Financing education in K-P

Commitment of the K-P government in terms of allocating funds for education has been inconsistent

Abdullah Alam June 07, 2016
The writer is a Research Fellow at the Institute of Social and Policy Sciences in Islamabad. He tweets @abdullah_alam

The state of education in Khyber-Pakhtunkhwa (K-P) has improved over the last few years. Children now have better access to education while a number of reforms are being undertaken to ensure provision of quality education in the province. Speaking of statistics, the primary Net Enrolment Rate (NER), according to the PSLM survey, has gone up from 64 per cent in 2010-11 to 71 per cent in 2014-15. However, looking at these statistics through a gender lens, there still exists a disparity in these figures with primary NER of 62 per cent for girls compared with 78 per cent for boys in 2014-15. The literacy rate of those aged 10 and above has also slightly improved from 50 per cent in 2010-11 to 53 per cent in 2014-15. The provision of basic facilities in public schools has also improved over the last few years. According to the Elementary and Secondary Education Department (E&SED) Annual Schools Census data, the percentage of primary schools without toilet facilities for students has gone down from 25 per cent in 2013-14 to 13 per cent in 2015-16. Similarly, the percentage of schools without boundary walls has decreased from 24 per cent in 2013-14 to 12 per cent in 2015-16. Looking at the trends, we now have more kids in public schools who have access to improved facilities and perform better. A number of schemes, like stipends for girls, education vouchers and girls’ community schools have also been implemented by the E&SED in order to ensure every child’s right to education in the province.

That said, the commitment of the K-P government in terms of allocating funds for education has been inconsistent in the last few years. Starting from an allocated budget of Rs45 billion in 2010-11, the budget earmarked for elementary and secondary education reached the Rs104 billion mark in 2015-16. However, it now appears that the E&SED’s budget has been revised to a figure in the range of Rs98-99 billion for the current fiscal year. The budget increase in the last three years has seen a consistent decline in terms of the percentage increase in education spending in the province. For the upcoming fiscal year 2016-17, the same trend is expected to be followed with a minimal increase of 3-4 per cent being suggested for elementary and secondary education.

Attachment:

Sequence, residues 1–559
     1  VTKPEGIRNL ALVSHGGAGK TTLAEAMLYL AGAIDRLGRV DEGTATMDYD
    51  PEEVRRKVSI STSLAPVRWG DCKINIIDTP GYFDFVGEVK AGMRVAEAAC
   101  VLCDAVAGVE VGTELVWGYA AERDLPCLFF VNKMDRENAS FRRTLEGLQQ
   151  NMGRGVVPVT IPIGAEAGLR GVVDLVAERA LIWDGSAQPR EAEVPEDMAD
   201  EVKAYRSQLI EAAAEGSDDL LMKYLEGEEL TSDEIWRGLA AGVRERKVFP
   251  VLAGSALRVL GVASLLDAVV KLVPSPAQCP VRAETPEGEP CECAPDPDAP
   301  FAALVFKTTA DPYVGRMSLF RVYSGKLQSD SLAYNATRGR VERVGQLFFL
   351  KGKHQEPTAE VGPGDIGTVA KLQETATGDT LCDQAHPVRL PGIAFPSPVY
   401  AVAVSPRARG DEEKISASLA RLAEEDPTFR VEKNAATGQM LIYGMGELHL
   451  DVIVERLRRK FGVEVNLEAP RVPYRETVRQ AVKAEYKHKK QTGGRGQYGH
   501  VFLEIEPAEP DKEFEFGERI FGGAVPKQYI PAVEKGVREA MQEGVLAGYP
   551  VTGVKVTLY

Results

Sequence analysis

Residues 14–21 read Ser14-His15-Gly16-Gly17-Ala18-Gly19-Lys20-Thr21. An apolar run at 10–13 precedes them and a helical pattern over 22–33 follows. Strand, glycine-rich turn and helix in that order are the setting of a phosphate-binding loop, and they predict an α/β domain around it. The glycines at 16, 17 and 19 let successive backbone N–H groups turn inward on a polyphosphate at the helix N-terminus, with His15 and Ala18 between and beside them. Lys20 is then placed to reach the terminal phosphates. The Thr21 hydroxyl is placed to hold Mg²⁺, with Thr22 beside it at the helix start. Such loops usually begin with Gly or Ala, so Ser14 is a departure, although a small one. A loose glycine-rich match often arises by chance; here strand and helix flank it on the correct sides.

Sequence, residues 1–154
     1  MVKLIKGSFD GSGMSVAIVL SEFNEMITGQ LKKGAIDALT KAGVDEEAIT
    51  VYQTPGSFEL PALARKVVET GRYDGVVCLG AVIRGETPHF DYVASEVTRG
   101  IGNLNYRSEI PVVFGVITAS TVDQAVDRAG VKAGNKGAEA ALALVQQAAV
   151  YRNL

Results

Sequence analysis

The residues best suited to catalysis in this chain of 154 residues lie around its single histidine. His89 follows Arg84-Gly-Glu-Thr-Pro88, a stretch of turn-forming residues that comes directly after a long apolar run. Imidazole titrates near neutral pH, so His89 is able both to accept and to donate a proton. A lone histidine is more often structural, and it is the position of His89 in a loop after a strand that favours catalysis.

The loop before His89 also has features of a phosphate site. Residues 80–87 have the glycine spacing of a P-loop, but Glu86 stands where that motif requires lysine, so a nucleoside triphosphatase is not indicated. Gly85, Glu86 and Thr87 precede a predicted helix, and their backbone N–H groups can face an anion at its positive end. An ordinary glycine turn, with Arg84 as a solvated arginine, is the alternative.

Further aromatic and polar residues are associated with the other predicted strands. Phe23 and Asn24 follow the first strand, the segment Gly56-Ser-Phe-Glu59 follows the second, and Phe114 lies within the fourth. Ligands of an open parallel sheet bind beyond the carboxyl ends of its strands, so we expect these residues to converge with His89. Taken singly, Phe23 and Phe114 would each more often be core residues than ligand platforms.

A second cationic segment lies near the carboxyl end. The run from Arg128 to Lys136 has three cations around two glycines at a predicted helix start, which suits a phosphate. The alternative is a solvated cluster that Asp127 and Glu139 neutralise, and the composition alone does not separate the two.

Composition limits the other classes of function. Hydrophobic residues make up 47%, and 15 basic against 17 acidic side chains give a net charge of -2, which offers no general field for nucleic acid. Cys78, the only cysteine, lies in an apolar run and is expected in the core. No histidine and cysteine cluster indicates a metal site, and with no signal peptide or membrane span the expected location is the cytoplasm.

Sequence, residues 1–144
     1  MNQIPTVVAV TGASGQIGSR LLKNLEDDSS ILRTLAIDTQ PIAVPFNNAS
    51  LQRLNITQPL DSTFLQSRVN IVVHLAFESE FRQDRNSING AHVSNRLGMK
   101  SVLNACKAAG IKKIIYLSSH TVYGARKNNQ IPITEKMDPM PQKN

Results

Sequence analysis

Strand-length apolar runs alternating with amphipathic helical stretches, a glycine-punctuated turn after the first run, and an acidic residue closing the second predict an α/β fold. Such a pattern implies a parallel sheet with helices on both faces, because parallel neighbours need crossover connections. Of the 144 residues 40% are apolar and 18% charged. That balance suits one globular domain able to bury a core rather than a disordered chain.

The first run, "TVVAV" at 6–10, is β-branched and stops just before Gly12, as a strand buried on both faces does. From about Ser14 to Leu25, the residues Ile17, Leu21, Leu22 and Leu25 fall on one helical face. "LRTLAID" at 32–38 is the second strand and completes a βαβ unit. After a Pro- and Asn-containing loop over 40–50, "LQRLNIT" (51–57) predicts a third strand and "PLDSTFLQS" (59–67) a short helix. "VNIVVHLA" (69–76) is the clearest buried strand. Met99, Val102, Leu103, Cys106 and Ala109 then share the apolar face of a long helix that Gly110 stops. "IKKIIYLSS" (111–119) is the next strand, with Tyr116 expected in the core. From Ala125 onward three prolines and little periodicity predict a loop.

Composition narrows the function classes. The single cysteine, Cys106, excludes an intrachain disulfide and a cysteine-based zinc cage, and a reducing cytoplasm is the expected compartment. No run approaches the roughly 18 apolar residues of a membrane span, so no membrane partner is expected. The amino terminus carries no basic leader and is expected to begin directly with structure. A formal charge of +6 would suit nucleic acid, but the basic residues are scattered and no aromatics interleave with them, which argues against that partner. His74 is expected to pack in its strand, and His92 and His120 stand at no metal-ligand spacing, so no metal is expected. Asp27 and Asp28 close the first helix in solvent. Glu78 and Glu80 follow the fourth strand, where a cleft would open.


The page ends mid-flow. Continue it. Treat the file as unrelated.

The declining trend of the percentage increase in the education budget is confirmed by the following figures. As stated earlier, Rs45 billion was allocated for elementary and secondary education in K-P in 2010-11. With an increase of 27 per cent, in 2011-12, Rs57 billion was earmarked. This was further enhanced by 19 per cent to Rs68 billion in 2012-13. In 2013-14, Rs85 billion was apportioned, highlighting an increase of 25 per cent. In 2014-15, an increase of only 11 per cent was made to take the budget to Rs94 billion. The percentage increase was further decreased to a mere five per cent during the current fiscal year with a revised budget of Rs99 billion in 2015-16. It is no secret that certain districts of K-P are more advantaged when it comes to education spending. The latest report on education financing in Pakistan by the Institute of Social and Policy Sciences shows vast disparities in education expenditure at the district level. Looking at the annual per student expenditure in the province in 2014-15, districts like Chitral, Tank, Karak, Abbottabad, Bannu, Dera Ismail Khan and Haripur spent more than Rs20,000 per student compared with districts like Tor Ghar, Hangu and Upper Dir, which spent less than Rs13,000 per student in 2014-15.

Education reforms cannot bring significant gains unless these are backed by political commitments not only in terms of support for the reforms, but also in the form of committing to spend sufficient resources on them, proportionately and efficiently. K-P’s education budget has been increasing over the years, however, the pace of increase has slowed down in recent times. It is high time we started investing in our future generations and political rhetoric is backed by earmarking significant part of the provincial budget for education. This is the only way we will be able to ensure every child’s right to education in the province, achieve Sustainable Development Goals by 2030 and aim for a prosperous K-P in the days to come.

Published in The Express Tribune, June 8th, 2016.

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aamir riaz | 8 years ago | Reply Issue is quality of education which looks pathetic in many ways. Even after spending money graph of public education is going down. Public education is not the first choice but the last choice.
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